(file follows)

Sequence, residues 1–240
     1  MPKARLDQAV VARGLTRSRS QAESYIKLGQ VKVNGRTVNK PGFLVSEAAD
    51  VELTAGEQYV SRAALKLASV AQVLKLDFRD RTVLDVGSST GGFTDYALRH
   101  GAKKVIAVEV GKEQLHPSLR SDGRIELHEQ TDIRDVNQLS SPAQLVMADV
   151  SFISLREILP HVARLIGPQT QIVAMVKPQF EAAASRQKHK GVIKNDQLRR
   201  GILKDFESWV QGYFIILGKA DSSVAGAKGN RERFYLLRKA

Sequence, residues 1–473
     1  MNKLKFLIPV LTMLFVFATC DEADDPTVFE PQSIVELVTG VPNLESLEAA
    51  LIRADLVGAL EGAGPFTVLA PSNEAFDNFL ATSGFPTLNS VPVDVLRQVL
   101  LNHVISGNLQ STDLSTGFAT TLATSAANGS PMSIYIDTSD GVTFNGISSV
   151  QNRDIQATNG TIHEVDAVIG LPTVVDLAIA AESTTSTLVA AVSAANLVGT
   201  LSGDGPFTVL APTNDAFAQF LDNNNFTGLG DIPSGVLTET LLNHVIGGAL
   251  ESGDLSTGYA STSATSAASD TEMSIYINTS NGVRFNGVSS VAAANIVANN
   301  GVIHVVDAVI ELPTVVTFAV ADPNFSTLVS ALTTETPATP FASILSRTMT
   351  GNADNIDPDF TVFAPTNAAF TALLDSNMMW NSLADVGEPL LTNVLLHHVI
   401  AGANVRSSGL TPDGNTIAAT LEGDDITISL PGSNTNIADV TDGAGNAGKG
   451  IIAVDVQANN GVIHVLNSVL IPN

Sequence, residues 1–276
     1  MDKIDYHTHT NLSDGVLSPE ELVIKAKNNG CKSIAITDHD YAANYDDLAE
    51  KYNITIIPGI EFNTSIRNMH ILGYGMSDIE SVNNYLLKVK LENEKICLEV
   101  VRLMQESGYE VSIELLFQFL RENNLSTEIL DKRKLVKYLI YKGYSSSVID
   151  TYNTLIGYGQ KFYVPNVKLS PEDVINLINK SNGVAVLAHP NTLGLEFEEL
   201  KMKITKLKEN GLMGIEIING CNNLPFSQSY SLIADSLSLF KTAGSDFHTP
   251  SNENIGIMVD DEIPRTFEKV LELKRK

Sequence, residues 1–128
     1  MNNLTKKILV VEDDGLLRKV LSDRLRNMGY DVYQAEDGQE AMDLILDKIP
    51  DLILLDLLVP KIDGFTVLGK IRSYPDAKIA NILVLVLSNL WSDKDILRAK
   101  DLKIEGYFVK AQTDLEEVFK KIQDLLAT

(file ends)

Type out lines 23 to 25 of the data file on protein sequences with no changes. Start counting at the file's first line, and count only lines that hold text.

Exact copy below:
   201  KMKITKLKEN GLMGIEIING CNNLPFSQSY SLIADSLSLF KTAGSDFHTP
   251  SNENIGIMVD DEIPRTFEKV LELKRK

Sequence, residues 1–128